• Growth/Death - Growth increase income, supplies and population growth, while Death does the opposite. Growth is the best long-term income increase since more population means more taxes. Some popkill nations may benefit from the additional design points of Death since their population is going to die anyway.
  • Luck/Misfortune - Luck and Misfortune both increase the chance of random events, but Luck makes them more likely to be beneficial and Misfortune does the opposite. Although bad events can still happen with Luck scales and good events can still happen in Misfortune scales, high Luck will unlock better events and high Misfortune will unlock worse ones.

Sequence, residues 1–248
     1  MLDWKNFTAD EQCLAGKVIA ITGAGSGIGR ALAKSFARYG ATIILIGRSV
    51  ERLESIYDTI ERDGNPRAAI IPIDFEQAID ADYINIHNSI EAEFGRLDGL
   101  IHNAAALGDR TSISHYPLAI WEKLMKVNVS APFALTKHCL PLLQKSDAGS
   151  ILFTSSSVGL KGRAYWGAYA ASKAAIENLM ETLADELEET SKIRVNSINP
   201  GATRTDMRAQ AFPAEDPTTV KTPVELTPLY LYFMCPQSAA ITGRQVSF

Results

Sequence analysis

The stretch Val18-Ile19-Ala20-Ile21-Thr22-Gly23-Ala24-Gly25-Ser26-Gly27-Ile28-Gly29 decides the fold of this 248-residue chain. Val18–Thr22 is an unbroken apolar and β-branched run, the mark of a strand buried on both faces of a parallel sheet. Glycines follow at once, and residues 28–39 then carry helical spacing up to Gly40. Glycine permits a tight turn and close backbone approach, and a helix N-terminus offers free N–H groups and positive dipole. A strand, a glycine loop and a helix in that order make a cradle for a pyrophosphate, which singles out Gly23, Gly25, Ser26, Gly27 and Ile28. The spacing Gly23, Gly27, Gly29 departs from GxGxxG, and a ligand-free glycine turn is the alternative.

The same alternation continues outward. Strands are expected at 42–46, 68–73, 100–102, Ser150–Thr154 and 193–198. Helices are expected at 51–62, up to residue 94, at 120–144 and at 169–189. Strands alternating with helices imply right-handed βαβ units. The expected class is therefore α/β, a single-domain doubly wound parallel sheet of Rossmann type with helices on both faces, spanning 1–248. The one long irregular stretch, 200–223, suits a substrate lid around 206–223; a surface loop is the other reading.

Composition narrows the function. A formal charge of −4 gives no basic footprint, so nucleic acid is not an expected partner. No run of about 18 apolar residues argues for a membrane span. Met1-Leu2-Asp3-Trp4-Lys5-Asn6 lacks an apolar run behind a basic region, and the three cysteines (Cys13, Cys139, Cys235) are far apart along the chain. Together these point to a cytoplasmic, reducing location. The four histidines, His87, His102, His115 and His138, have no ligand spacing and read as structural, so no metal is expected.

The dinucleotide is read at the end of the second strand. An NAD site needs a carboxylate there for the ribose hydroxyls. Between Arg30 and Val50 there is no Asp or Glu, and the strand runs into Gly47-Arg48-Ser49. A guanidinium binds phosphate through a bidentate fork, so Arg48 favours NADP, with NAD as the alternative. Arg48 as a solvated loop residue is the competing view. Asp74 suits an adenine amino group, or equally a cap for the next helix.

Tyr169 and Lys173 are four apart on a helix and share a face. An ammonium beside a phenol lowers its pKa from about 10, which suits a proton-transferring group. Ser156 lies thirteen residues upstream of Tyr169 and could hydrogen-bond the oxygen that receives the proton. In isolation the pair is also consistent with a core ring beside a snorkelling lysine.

• Magic/Drain - Magic increases Research and decreases spellcasting fatigue, while Drain does the opposite. At Drain 2 your troops get bonus resistance against enemy magic, while Magic 2 makes your troops more easily affected by enemy magic. The research bonus from high Magic is proportionally better for nations with many small research value mages, while Drain can be useful for nations with researchers not affected by the Drain scale like MA Ulm.

Imprisonment Edit

You have three options of Imprisonment for your Pretender: Awake, Dormant, or Imprisoned. Awake means your Pretender is active on the first turn of the game. Dormant earns you 150 extra design points, but means your Pretender will take around an in-game year (12 turns) to awaken. Finally, Imprisoned earns you 250 extra design points, but your pretender will take an average of three in-game years to awaken.